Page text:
In Matt. 25:1-13, we see Jesus sharing about His second coming using a parable of 10 virgins that go out to meet the bridegroom at a wedding. To really understand these 13 verses, we first need to look at Matt. 24:36-42, where Christ tells us that no one knows the day or hour, not even the angels of heaven, but only His Father. He goes on and states we’re living in the days of Noah where people are eating and drinking, marrying and giving in marriage, totally self-absorbed and unaware of the times and seasons surrounding them. Matt. 24:44-51, tells us we need to be ready to make a choice, will we be faithful or unfaithful as we wait for His return? It’s with these words that He leads into a parable about the Kingdom of Heaven likened to 10 virgins who took their lamps and went out to meet the bridegroom. 5 of them were wise and 5 were foolish. Let’s try to understand this chapter in relationship to the time’s we’re living in as it relates to Christ’s second coming. Truly, we don’t know the day or hour but we should be aware of the times and seasons we’re living in just like the Sons of Issachar, who had the understanding of the times, to know what Israel ought to do (1 Chron. 12:32).
First, I believe the 10 virgins represent the church in America today. A church that has true believers (those whose hearts are truly desiring all of Jesus) and false believers (those that present an image that look’s like they have hearts that are following Christ) both are filling our pews and pulpits. Paul is correct when he speaks to Timothy in 1 Tim. 4:1, “Now the spirit expressly say’s that in the latter times some will depart from the faith, giving heed to deceiving spirits and doctrines of demons”. Like Paul, we need to realize that certain dangers will mark the latter times. The danger of apostasy (those that depart). The danger of deception (deceiving spirits) and the danger of false teaching (doctrines of demons) that are found in the unbelief that the Bible is God’s inspired word, the virgin birth of Christ, the atoning death of Christ on the cross and the redemptive work of His resurrection from the dead and yet they still call themselves Christians. The church is filling up with those seeking “experiences’ like the Athenians in Acts 17:21, seeking after some new thing instead of a relationship with the living Christ.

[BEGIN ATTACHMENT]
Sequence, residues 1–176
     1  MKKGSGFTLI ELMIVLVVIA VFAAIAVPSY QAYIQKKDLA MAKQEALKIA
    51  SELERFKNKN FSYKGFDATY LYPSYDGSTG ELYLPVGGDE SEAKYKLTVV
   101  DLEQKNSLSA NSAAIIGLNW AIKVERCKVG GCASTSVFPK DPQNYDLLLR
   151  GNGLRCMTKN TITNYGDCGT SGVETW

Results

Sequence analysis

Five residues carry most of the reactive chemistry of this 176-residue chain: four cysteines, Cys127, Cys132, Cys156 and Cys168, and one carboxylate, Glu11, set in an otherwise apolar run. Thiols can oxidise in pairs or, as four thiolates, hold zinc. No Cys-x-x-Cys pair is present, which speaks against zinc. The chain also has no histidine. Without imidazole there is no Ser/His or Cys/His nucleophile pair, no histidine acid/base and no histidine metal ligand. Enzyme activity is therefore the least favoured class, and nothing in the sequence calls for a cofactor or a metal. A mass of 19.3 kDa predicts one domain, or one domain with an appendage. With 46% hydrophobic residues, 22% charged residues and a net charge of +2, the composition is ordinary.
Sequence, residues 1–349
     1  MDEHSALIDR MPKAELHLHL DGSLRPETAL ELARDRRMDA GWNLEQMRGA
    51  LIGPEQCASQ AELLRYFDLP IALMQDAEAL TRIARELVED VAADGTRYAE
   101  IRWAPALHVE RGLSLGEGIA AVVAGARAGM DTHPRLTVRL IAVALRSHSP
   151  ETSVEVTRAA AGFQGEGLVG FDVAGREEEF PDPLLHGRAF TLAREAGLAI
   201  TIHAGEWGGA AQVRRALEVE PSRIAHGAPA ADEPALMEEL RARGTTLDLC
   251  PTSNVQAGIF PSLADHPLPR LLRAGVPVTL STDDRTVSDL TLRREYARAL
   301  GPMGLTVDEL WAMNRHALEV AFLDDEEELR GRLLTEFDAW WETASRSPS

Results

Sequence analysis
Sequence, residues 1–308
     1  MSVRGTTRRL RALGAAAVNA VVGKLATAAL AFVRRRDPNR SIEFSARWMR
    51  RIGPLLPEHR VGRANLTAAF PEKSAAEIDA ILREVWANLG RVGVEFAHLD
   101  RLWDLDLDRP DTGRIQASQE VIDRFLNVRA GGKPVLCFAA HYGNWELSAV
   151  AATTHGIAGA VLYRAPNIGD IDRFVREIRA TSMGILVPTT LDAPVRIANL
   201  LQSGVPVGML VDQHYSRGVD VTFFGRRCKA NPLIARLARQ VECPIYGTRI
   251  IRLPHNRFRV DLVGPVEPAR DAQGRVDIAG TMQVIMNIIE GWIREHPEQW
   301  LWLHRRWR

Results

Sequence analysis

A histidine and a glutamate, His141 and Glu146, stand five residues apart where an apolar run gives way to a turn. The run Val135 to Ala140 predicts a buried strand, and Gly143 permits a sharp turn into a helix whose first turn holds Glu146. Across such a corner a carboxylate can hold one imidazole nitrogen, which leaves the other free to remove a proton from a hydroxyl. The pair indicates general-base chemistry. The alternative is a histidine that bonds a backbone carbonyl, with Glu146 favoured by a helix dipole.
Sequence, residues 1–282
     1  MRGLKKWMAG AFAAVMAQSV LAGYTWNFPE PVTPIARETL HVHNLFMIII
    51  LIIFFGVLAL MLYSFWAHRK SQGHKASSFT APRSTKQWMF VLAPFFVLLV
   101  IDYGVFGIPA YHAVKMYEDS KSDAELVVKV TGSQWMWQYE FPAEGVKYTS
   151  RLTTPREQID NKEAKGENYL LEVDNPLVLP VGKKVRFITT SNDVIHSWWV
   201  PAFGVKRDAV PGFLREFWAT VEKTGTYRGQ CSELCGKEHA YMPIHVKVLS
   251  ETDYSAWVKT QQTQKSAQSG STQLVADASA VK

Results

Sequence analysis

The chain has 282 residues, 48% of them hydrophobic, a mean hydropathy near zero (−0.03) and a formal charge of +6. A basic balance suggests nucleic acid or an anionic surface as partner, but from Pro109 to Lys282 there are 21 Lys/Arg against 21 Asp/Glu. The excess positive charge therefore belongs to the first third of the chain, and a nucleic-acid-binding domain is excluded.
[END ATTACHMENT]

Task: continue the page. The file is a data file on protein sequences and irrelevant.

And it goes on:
These 10 virgins denote the beauty and purity of those that are maids of honor that have the responsibility to WAIT ON HIM when he appears but in the meantime to faithfully WAIT FOR Him if He should delay. Psa. 27:14, “Wait on the Lord, Be of good courage, And He shall strengthen your heart: Wait, I say, on the Lord”. As true believers we are to be like the 5 wise virgins and hold up the name of Jesus as we wait for His appearing…not only believing in but longing for His return. So what was the difference between the 10 virgins? The difference was the preparation and character they displayed, 5 were wise and 5 were foolish. They all seemed to have the same profession (they talked the talk) but not the same heart of preparation (they didn’t walk the walk). They all had lamps that had oil in them, but 5 brought along extra oil. Both had enough to light up the present, 5 foolish for show and 5 wise for go, (the revelation to bring more just in case!). Phil. 2:14-15, exposes the great problem in our church today. Today many want the presence of Holy Spirit (oil) without preparing and paying the price. Notice, they all slept as they waited for the bridegroom. It’s tough to stay faithful and watchful at the same time when a promise tarries. Those Unmet Expectations can cause weariness in well doing if you have to wait a long time for them (Gal. 6:9, Hab. 2:3). Even though they all slumbered the 5 wise virgins kept their lamps burning but the foolish lamps went out. Our carelessness builds on itself and has unintentional consequences. Remember, He’s coming when we least expect it…the bridegroom came at mid-night.
He came with a cry from heaven where everyone could hear and see Him. All 10 virgins arose and trimmed their lamps, the foolish lamps had gone out (Job 21:17). Job tells us destruction will always come upon those whose lamps go out. They had enough oil for their immediate need but not enough that lasted long-term. There will come a time when those that laughed and snubbed your lamps will beg for some of that extra oil to light theirs. But remember, that oil isn’t yours to give away, it’s always been Gods to give. They will want some of what you have but the door is closing. All they needed to do was ask Him for it. Once they could’ve asked and it would’ve been given. Sought and it would’ve been found. Knocked and it would’ve opened. There is a time coming when the door will be closed and those that once had some oil in their lamp but willfully let it run out as they ran after the world and what they thought it offered. They will find themselves just like Esau who sold his birthright for bread and a bowl of stew (Gen. 25:30-34) and coming to receive his blessing found it had been given to Jacob (Gen. 27), a closed door. So it will be with those that “have a form of Godliness but deny the power their in”. Those that believe in the Bible but not the Lord of the Bible. Those that have lived a compromised and partial commitment to the principles of the Word of God. They will hear on that day, “Truly, I say to you, I do not know you” and the door will be shut on both the unbelievers and those that didn’t take the Kingdom of God seriously.